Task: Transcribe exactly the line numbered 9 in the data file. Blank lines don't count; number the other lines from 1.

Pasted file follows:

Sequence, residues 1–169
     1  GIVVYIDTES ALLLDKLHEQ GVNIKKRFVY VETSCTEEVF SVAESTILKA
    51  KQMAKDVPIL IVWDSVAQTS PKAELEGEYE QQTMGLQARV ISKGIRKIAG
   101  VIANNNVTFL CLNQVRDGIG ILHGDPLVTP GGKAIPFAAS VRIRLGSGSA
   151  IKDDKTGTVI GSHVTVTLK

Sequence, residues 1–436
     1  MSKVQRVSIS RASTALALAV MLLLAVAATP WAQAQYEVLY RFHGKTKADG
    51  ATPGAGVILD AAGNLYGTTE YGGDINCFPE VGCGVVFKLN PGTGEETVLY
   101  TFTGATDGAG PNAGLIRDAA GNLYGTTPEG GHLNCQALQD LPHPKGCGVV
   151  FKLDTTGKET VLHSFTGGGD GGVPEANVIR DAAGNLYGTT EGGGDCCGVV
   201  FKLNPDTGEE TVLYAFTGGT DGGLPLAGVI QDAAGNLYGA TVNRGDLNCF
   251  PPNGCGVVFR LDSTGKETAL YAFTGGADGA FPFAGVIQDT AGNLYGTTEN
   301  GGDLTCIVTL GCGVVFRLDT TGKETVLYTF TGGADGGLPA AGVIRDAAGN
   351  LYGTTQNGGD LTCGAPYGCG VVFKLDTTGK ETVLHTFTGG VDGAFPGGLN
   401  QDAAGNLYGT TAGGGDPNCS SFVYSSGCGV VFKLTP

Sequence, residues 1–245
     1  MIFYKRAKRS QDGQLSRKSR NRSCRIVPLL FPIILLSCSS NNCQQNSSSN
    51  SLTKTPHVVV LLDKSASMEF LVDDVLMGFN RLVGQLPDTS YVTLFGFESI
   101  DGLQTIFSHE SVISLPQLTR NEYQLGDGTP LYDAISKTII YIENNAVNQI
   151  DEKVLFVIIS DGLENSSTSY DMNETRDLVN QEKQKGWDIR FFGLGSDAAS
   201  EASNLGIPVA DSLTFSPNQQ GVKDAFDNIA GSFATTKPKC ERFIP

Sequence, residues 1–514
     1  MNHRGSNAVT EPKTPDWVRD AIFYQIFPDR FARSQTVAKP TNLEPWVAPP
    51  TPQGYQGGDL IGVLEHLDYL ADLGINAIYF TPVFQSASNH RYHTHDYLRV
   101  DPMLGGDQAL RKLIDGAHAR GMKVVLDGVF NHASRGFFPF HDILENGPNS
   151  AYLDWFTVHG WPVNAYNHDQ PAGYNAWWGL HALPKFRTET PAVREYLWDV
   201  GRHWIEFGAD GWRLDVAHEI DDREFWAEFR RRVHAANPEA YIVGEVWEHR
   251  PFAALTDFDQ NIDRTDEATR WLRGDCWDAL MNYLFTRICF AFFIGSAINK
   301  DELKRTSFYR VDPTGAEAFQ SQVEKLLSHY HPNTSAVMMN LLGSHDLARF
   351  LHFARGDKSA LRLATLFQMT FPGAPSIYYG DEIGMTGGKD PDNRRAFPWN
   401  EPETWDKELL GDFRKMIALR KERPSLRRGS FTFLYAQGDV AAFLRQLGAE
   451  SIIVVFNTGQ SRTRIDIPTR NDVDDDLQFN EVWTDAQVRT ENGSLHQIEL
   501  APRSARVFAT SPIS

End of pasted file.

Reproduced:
   101  TFTGATDGAG PNAGLIRDAA GNLYGTTPEG GHLNCQALQD LPHPKGCGVV